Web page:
Next week sees the publication of a guide to etiquette for modern teens, called For Weddings, a Funeral and When You Can't Flush the Loo. The author is 24-year-old Jane Goldman, who must always have been pretty sophisticated: she married Jonathan Ross when she was 17. Anyway, it's jolly sensible and friendly, full of tips and tactics on dating, how to impress at job interviews, being the perfect guest, and what to do when you meet your idol. If only I'd had a copy in the Seventies.

Is there any polite way to avoid eating food that you don't like?

Pre-teens. Horrid junior school forces frightened tots to eat lunchtime meat. Dreaded liver appears on the menu at least once a week. Sometimes it can be hidden under mash. On boiled potato days, a more elaborate ploy is necessary: I slowly fork bite-sized chunks into my mouth, fake chewing until no one is looking, "cough" offending item into hand, then throw gristly mess under seat of innocent tot adjacent. Not bad for a five-year-old.

Next school has nice food. Sadly, dreaded liver coincides with dreaded bread-and-butter pudding the day the headmaster sits on my lunch table. I burst into tears. Sister summoned from big kids' table. We are ushered into teacher's office, from where sister improvises brilliant cover-up: trauma caused by recent passing-away of great aunt Lil. Incident triggers school dinner phobia, followed by several months of maternal toing and froing every lunchtime.

Jane's advice: "If you hate everything you've been served, it's quite hard to leave it without appearing rude ..." How true.

What should you do if you break or damage something?

Pre-teens. Family visit to grand house belonging to friends of parents. Mid-afternoon trip to little girls' room. Toilet fails to flush. I lift up lid (porcelain) to cistern (porcelain). Splash about for a few minutes. Attempt to reflush. Lid comes crashing down and splits neatly in two. I run away. After a miserable afternoon, find mother in quiet corner and guiltily report disaster. We return to toilet. Press two halves together. Run away. Outcome: we never see the grand family again.

Jane's words of warning: "If no one saw the incident, don't be tempted to keep it quiet. Your host will assume that it was you, and will quite rightly be very cross."

So how do you know what sort of clothes to wear to a party?

Early teens. I am the new girl at school. Decide to make friends by solo visit to weekly disco. I wear my best clothes: a denim A-line skirt, matching denim waistcoat, multi-coloured stripy toe socks and (borrowed from sister) shiny yellow clogs with silver rivets. Unfortunately, local teens are into Status Quo, not Elton John. I am laughing stock. Entire disco appears to be staring, pointing, giggling, whispering.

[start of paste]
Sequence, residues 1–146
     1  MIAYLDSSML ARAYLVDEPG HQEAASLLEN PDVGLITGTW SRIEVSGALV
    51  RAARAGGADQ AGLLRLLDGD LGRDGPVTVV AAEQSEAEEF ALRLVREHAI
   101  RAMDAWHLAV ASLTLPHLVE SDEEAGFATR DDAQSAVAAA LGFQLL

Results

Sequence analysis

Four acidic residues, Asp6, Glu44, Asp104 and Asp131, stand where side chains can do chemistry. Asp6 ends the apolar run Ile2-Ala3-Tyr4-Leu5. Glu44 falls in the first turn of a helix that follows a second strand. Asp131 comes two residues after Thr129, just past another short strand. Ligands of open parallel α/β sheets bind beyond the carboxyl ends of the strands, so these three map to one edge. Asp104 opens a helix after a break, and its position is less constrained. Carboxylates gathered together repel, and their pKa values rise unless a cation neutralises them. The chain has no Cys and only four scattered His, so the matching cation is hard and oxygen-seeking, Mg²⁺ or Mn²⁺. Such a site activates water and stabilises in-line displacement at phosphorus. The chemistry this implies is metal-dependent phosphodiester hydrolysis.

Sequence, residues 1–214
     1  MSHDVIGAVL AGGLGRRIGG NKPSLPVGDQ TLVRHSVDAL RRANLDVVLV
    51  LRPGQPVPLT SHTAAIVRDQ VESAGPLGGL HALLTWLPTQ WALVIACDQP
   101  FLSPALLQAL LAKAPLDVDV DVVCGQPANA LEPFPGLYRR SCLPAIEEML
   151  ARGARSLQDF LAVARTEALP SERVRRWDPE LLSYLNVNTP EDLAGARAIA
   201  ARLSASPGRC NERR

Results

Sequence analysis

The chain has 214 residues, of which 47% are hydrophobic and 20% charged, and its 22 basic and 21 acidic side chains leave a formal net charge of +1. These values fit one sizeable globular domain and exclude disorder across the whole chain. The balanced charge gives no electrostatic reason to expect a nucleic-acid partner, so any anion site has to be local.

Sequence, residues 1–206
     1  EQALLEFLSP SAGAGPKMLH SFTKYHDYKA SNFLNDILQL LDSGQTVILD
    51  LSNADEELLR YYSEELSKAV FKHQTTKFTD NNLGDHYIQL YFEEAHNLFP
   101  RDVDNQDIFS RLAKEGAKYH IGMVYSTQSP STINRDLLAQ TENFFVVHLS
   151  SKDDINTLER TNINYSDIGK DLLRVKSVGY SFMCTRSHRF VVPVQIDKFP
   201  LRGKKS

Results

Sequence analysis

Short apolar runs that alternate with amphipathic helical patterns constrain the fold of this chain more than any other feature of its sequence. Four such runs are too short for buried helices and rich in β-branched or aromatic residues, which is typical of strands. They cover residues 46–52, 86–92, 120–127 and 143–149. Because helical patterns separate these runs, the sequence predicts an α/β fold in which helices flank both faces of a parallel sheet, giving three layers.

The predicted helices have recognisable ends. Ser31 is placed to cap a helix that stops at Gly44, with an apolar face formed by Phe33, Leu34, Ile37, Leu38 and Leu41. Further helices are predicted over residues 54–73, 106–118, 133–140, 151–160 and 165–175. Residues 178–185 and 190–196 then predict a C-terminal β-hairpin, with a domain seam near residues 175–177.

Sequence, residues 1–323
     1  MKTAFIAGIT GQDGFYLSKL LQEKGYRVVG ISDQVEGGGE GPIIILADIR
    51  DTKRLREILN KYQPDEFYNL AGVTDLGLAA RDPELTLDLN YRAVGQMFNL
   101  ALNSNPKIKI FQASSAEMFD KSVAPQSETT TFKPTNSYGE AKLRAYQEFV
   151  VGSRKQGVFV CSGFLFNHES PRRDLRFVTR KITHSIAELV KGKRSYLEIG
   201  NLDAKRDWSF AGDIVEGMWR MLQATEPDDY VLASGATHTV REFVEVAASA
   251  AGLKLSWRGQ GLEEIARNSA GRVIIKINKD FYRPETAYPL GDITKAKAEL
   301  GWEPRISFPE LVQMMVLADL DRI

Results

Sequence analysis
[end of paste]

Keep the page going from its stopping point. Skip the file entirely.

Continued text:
Jane's sadly-too-late advice: "Before you make a decision, it's always a good idea to talk it over with someone else who is going."

Asking for a date.

Mid-teens. The same youth club. Have junked the clogs in favour of fashionable wedges. Still no one fancies me. But I fancy Keith Swaybe. I tell my friend. She tells everyone in school, including the boys and including Keith Swaybe! I am a laughing stock. Everyone is staring, pointing, giggling, whispering "Ruth fancies Keith Swaybe!" I never speak to him again.

Jane's pearls of wisdom: "Ask in person ... Have good timing ... Be direct and to-the-point ... Give plenty of notice ... But not too much ... Be casual ... But not too casual ... Be confident." Too bloody late.

Babysitting.

Early-teens. Initially problem-free, eg rich people with catering-size boxes of sweets in the pantry never seem to notice that I sneak two Twixes, two Kit-Kats and two Crunchies every Saturday night, to compensate for not having a boyfriend.

Then it all goes wrong: I stand in for friend at last minute. The new couple own an adolescent Alsatian. "Biff him on the nose if he gets a bit frisky," trills lady of the house as they leave, handing me a truncheon made from rolled-up newspaper. Momentsafter their departure, dog growls. I biff him on the nose. Growl turns into snarl. I biff him again. Dog grabs truncheon and shreds it. I back into kitchen to fetch comfort bag of crisps. Dog rips them from me, rushes upstairs, in and out of children's rooms. I follow ineffectually. Dog chases me downstairs. I spend rest of the evening on couch, dog's jaws gently but firmly round my left hand. I have to watch Match of the Day. Lifelong dog phobia begins.

Jane's advice: "Even when you've got the place to yourself, show a bit of respect ... You'll get extra points for politely taking phone messages and tidying things up a bit if you get the chance ..."

You've just had your hair done and you hate it.

Mid-teens: bleached punk crop goes orange. Blue punk crop results in removal from Maths O-level (on the grounds that I am distracting the other examinees) followed by rapid fade to Brillo pad green.

Late teen disaster (a curly Suzy Quatro, care of a salon training school) is minimised by wearing a beret morning, noon and night; luckily, my boyfriend (at last I have one) is the polite type.

Jane's tactic: "Explain you're not happy with the do and would like someone else in the salon to give you another cut/colour job to put it right."

Oh Jane, where were you when I needed you? I could have been so happy, so well-adjusted, so popular. I might even have married a TV star.

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